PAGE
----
Taken together, these books torpedo the four elements of the conventional profile of Reagan. One, he had scant knowledge of many of the issues that came before him. Two, he was a “detached” president—that was Newsweek’s description—aloof from the day-to-day business in the White House. Three, he was overly reliant on the advice of his advisers and was often their puppet. Four, he was lazy. When I covered the Reagan presidency, I agreed to some degree with three of these. I was wrong. All four are false.
Three of the Reagan books are conclusive. The radio broadcasts knock down the idea that Reagan was clueless on complex issues. The book on nuclear weapons provides a picture of Reagan in command of his advisers and willing to override their views and those of his foreign allies. And the diaries, which are fun to read, reveal how hard he worked, especially on weeknights in the living quarters of the White House and on weekends at Camp David.http://www.weeklystandard.com/articl...30.html?page=1That Reagan was like a child fortunate enough to have hired adults as his chief handlers—that myth has dogged him since he ran for governor of California in 1966. And it remains embedded in the conventional wisdom of the political community. Not only have his managers and strategists been credited with running efficient campaigns on his behalf—while he was limited to speechmaking—they’ve also been credited with guiding him through a successful governorship and presidency. Reagan’s contribution in this scenario was simply to have been an excellent speaker willing to echo the words of his handlers.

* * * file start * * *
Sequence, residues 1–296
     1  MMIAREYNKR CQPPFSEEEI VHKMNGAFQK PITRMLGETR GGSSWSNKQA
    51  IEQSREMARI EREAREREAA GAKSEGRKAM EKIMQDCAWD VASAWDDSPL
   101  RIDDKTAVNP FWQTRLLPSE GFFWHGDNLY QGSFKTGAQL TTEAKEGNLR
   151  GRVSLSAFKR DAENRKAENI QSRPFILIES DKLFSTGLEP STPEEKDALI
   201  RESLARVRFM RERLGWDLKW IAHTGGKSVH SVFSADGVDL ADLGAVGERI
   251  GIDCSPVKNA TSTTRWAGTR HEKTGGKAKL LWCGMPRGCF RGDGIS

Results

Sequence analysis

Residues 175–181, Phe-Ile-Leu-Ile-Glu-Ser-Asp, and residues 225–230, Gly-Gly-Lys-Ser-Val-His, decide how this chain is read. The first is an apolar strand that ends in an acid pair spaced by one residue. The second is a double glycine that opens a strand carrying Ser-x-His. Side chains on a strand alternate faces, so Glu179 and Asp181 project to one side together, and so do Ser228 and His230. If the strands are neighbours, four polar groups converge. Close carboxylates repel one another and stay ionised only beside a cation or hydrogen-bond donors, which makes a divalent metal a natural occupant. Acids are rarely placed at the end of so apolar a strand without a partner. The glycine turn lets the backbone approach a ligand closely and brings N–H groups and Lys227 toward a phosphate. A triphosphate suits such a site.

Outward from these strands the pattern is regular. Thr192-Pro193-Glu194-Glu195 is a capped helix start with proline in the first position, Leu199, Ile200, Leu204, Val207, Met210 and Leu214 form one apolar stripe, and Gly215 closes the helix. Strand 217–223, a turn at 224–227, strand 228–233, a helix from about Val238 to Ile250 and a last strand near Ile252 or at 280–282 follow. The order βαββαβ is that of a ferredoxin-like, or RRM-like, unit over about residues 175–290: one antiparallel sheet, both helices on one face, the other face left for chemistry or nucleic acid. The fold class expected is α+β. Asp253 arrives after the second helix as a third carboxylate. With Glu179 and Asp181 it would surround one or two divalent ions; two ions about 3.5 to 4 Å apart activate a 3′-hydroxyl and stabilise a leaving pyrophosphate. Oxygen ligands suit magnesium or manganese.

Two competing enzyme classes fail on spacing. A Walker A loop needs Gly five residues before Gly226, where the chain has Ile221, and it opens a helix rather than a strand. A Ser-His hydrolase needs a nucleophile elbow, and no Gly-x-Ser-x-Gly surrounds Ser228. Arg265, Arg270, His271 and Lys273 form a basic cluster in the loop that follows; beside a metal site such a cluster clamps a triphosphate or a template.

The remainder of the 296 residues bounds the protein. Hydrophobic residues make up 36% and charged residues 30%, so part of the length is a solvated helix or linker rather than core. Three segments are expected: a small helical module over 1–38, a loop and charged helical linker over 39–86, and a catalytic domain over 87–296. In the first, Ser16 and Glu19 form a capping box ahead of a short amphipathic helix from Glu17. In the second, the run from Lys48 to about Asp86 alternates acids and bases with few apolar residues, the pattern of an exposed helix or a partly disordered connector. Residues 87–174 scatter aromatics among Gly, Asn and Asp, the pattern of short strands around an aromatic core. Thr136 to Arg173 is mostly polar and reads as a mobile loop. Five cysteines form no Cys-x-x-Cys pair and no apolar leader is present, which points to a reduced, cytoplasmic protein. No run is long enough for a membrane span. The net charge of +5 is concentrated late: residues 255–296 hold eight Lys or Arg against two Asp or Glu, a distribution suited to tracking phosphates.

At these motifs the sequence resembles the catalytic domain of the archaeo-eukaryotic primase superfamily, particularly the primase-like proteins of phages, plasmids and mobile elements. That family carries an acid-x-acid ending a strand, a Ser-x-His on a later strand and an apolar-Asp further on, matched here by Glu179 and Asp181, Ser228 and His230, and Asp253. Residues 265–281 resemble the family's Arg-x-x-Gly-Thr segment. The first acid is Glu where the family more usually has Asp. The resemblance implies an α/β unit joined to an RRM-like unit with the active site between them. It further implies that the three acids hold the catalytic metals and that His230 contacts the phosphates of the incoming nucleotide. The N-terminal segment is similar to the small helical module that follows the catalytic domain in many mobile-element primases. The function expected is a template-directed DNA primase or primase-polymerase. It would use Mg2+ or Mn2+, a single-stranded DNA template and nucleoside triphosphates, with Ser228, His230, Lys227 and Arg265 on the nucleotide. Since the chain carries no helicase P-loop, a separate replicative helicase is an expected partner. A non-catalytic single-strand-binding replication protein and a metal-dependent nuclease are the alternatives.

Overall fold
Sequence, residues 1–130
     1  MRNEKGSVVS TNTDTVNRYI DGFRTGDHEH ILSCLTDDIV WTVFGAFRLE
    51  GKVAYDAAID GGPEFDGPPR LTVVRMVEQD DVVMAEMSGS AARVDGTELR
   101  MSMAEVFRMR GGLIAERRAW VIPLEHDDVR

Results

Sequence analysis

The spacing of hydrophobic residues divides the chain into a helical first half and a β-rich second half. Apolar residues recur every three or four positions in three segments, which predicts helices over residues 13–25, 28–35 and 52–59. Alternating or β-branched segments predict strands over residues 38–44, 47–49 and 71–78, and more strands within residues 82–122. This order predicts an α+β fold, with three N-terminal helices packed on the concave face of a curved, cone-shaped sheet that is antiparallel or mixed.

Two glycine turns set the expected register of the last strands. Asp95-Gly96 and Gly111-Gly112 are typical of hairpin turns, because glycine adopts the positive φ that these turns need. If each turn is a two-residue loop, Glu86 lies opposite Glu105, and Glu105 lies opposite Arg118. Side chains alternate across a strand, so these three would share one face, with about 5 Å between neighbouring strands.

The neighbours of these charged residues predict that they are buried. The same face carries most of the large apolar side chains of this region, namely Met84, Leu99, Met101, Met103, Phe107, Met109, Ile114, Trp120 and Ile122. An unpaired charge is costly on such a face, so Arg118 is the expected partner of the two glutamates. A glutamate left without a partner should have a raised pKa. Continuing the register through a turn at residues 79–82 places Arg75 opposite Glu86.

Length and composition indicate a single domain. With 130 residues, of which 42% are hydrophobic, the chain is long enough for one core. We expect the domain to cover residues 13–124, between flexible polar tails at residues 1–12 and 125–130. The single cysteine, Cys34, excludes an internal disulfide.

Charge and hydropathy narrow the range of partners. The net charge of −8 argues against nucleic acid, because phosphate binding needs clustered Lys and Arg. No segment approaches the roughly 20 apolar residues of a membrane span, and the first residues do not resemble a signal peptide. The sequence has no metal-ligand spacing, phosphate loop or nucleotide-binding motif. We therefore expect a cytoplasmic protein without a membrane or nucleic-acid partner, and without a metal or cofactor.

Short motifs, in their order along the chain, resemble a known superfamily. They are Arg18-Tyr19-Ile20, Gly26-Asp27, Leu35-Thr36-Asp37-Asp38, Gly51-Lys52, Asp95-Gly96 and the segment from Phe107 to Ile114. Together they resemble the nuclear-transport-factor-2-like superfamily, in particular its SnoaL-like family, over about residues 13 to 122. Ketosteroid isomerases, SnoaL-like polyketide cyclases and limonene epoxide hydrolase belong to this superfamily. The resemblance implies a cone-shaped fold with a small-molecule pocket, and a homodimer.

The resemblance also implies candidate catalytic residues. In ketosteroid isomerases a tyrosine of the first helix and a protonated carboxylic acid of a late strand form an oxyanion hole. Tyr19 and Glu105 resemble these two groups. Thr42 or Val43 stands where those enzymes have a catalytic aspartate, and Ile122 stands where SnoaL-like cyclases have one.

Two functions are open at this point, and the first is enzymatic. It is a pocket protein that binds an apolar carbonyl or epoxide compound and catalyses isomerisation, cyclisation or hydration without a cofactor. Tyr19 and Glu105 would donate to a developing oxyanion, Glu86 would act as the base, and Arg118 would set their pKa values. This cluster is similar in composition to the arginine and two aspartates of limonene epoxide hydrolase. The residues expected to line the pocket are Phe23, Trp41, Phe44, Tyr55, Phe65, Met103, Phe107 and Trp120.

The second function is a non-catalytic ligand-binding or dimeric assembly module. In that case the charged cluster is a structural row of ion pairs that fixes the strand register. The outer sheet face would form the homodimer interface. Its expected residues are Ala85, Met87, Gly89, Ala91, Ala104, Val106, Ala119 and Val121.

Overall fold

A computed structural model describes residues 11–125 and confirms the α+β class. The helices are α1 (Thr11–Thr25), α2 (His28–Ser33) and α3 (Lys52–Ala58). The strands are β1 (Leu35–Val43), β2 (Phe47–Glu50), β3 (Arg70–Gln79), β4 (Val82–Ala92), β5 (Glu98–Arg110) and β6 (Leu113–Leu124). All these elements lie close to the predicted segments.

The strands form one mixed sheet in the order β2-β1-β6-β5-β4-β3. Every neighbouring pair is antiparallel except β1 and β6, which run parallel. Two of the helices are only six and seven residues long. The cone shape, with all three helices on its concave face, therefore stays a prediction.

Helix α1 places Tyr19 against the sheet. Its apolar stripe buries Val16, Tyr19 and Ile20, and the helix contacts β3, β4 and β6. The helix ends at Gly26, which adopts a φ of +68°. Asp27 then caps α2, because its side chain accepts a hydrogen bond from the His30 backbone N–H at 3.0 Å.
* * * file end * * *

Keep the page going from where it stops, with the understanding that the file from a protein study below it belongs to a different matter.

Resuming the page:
This is nonsensical: No politician has ever had advisers with skills so unfailing. Besides, the big ideas of the Reagan era came from Reagan himself.